Box 247 1899 to 1900 JA land 4000 app 1866 reserved
Cape Perpetua, Oreg., reserved by executive order of 8 June, '66. Cape Lookout, Oreg., reserved by executive order of 8 June, '66. False Tillamook, Oreg., reserved by executive order of 8 June, '66. Tillamook Head, Oreg., reserved by executive order of 8 June, '66.
Further information on the subject of light-house reservations in the 13th Light-House District will be forwarded to you for the files of your office as soon as it can be collected and compiled.
Coast Guard District narrative histories 1945
The "romance" of the old Lighthouse has been lost, for the most part, by the mechanization of the lights and the modernization of related equipment. Isolated lighthouse sites have radio or telephone communication, motor launches, and electrically operated lights or signals. The oil lantern has been superceded and supplemented by radio aids - raidobeacons, RADAR beacons and LORAN. In addition to the lights' rays, there are "pips" and "blips" and "pulses" to guide the mariner to safety. However, though these electronic aids be far more reaching and provide greater accuracy than the light, they can never instill the same warm rush of relief and thanksgiving that fills the sailor's heart when the first pale rays of a familiar light beacon breaks through the fog and rain after anxious hours on a stormy sea.
When the Lighthouse Service consolidated with the Coast Guard, 31 major light stations were among the facilities transferred to the Seattle District.¹ Many of these Light Stations had tales of heroism, danger and tragedy woven into their histories. The oldest of these stations were the lights at Cape Disappointment and New Dungeness, completed in 1856 as the first activity of the Lighthouse Service in the new frontier - the Pacific Northwest.
The New Dungeness Lighthouse was built in 1857 on a spit off the south shore of the Strait of Juan de Fuca near the entrance to Puget Sound. Cape Disappointment Beacon was constructed on the only headland of the low beach between Tillamook Head and Point Grenville (80 miles), on the north point of the entrance to the Columbia River. The following year, another lighthouse was erected on Tatoosh Island just off the tip of Cape Flattery. The Island had previously been used as a whaling station and fishing headquarters by the Indians who had been, until then, the sole inhabitants. Before the Lighthouse was built, a blockade was established and muskets furnished to the workmen as protection against marauding Indians. The first Keeper of the station resigned because of the "annoyances" he and the other 3 white men suffered at the hands of the 250 Indians living there. Because of the treacherous waters and shoals, the easiest access to the Island was by a huge basket. In calm weather, boats could land on the beach but the basket method was the more dependable. This was by no means a "primitive" devise, for the basket and its hoist are still the best means to effect a landing.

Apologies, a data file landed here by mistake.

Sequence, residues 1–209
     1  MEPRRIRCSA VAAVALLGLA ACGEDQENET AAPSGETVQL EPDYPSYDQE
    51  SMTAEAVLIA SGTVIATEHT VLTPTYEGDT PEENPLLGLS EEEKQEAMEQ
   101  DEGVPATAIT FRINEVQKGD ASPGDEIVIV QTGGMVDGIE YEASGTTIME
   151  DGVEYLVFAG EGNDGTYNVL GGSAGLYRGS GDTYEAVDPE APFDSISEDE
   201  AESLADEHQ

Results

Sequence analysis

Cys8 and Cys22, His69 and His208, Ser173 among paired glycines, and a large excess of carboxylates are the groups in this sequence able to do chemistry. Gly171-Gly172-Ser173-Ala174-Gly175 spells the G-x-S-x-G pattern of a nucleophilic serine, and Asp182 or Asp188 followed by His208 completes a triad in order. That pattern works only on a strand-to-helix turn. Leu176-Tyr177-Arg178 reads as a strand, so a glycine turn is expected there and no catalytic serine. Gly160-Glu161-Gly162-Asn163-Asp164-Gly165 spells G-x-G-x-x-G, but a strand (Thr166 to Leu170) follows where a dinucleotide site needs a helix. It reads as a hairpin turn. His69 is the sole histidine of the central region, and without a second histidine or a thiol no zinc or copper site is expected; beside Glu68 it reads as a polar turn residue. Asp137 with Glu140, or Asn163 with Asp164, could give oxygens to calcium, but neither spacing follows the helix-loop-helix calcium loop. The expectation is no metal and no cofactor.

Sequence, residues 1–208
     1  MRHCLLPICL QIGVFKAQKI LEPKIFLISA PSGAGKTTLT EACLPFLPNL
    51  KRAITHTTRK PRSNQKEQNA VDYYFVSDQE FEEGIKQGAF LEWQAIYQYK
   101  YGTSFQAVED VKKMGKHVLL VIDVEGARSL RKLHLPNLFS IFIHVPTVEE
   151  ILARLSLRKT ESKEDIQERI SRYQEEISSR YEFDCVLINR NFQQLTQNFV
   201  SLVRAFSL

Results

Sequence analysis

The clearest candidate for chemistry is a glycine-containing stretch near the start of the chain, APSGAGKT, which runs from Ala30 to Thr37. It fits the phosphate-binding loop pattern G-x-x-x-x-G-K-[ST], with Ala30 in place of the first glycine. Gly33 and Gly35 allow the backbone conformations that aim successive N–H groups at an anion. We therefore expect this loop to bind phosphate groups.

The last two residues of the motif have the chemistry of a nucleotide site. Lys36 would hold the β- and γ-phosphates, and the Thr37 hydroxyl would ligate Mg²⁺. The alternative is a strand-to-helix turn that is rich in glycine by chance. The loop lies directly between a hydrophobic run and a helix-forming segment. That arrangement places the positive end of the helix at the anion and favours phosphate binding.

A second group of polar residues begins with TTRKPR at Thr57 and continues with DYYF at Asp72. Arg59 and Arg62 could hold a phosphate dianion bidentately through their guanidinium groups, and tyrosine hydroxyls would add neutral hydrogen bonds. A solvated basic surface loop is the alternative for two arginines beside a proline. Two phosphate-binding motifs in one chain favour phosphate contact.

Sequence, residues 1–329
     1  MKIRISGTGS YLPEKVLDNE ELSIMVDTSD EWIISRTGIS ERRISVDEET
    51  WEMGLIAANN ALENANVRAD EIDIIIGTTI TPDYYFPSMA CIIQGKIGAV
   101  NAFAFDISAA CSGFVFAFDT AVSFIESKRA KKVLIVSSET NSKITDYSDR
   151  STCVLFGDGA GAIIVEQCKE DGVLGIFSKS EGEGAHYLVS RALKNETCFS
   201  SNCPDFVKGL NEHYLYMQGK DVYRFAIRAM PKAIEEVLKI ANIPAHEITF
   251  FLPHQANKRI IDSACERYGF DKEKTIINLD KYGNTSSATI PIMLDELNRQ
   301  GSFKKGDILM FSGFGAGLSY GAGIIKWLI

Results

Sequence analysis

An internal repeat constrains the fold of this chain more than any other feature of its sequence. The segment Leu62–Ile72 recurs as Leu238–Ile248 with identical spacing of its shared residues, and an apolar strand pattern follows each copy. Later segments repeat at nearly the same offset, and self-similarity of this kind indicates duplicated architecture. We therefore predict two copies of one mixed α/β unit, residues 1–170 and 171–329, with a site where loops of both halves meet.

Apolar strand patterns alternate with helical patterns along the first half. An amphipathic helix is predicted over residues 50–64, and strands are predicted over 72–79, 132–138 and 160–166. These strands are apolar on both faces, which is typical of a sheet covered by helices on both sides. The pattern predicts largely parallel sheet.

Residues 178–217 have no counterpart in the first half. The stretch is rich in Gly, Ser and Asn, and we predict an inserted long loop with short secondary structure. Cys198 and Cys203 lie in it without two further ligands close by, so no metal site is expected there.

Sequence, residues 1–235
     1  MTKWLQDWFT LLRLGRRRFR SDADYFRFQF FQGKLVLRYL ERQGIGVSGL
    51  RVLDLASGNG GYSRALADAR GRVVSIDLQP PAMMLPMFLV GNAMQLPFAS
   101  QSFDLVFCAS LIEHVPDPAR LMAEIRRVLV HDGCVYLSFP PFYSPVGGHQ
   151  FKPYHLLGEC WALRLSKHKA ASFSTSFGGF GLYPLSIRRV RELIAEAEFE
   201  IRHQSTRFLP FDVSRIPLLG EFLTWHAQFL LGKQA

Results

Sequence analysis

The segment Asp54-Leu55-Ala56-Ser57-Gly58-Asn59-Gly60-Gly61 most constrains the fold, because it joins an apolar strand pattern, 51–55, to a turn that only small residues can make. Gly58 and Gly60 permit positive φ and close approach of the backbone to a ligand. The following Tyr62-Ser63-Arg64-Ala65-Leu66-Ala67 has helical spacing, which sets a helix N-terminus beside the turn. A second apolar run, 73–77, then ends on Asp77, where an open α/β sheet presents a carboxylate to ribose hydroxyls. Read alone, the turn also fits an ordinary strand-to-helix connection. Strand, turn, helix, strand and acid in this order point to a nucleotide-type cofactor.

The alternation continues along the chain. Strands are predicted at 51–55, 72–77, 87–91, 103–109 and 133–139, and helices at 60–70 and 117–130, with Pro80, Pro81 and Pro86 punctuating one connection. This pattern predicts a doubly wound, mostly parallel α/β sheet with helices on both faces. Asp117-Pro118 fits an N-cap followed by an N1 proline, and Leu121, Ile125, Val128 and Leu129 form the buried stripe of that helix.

In the quite rapid succession, Umpqua River, Willapa Bay, Smith Island, Ediz Hook, Cape Arago, Cape Blanco, Point No Point, Point Wilson, and Yaquina Bay Lighthouses were built. In 1879, construction began on the Tillamook Rock Beacon.
Tillamook Rock Lighthouse was one of the most famous as well as one of the most exposed stations in the Lighthouse Service, set on a great precipitous rock lying a mile offshore from Tillamook Head on the Oregon Coast. A dark cloud of ill omen shadowed the station as, in the landing of the construction party, the superintendent was swept by a great wave into the sea and drowned. Almost insurmountable obstacles faced the engineers, for the entire top of the rock mass had to be blasted level to provide space for the lighthouse and its accompanying structures. Heavy seas continually washed over the Rock carrying away half finished foundations, equipment and endangering the lives of the entire work party. Although the light stood 133 feet above the water, on many occasions tremendous waves swept completely over the station carrying large fragments of rock which caused considerable damage to the station. On one such occasion, a rock weighting 135 pounds was hurled through the roof of the building and into the quarters below, causing extensive damage. Another time, the sea tossed a boulder through the lantern, extinguished the light and flooded the dwelling below.
West Point, built in 1881, Alki Point and Brown Point, built in 1887 and Destruction Island, built in 1891, were the next light stations to be erected. Here again, at Destruction Island, treacherous seas made landings difficult except in calm weather, so the "basket" and boom were again called upon for safe landings on the station. 14 other lighthouses were established in the Seattle District, the last being the Lim Kiln structure in 1914. Strangely enough, the Lime Kiln Lighthouse was the last light station in the District operating an oil lantern. An attempt was made to electrify the light by extending commercial power to the Station but the Power Company was unable to furnish sufficient current; in the same regard, poles had to be set in a solid rock and the cost and labor for this were almost prohibitive. A request was made for Headquarters' approval to install a power plant at the unit but this was not commensurate with Headquarters' policy so the light remained an incandescent oil vapor type. This type, familiarly known as i.o.v., gave good service although its range could not match that of the newer electric light. The old i.o.v. light came in two sizes and was approximately equivalent